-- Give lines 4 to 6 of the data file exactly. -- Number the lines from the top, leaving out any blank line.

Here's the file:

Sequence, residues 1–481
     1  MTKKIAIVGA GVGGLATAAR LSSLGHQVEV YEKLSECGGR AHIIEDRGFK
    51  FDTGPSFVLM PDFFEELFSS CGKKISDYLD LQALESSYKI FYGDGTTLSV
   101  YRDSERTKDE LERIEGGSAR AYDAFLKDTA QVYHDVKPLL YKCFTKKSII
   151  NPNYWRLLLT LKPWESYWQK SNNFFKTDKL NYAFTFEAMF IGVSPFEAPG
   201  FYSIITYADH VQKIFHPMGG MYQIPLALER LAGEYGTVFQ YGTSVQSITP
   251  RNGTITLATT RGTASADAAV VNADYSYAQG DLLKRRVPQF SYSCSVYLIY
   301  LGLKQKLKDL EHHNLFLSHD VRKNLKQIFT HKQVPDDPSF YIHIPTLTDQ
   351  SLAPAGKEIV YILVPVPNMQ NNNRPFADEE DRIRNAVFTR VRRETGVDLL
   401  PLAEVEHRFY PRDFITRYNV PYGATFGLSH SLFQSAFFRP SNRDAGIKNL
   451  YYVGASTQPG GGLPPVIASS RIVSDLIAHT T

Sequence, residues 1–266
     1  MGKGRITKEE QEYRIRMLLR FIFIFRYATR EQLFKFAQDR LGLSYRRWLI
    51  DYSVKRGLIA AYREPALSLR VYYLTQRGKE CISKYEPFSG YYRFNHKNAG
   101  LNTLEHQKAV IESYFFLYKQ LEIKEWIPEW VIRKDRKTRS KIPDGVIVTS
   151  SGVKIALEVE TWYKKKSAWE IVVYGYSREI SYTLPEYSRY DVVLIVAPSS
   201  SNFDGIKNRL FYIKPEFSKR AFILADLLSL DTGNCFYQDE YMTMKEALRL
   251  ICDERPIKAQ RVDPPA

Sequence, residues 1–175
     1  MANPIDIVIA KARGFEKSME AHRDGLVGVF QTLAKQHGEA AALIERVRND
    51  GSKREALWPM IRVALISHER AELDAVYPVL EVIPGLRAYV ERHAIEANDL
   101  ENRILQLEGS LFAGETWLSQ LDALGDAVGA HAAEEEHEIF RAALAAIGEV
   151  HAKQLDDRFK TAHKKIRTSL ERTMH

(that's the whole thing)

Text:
   101  YRDSERTKDE LERIEGGSAR AYDAFLKDTA QVYHDVKPLL YKCFTKKSII
   151  NPNYWRLLLT LKPWESYWQK SNNFFKTDKL NYAFTFEAMF IGVSPFEAPG
   201  FYSIITYADH VQKIFHPMGG MYQIPLALER LAGEYGTVFQ YGTSVQSITP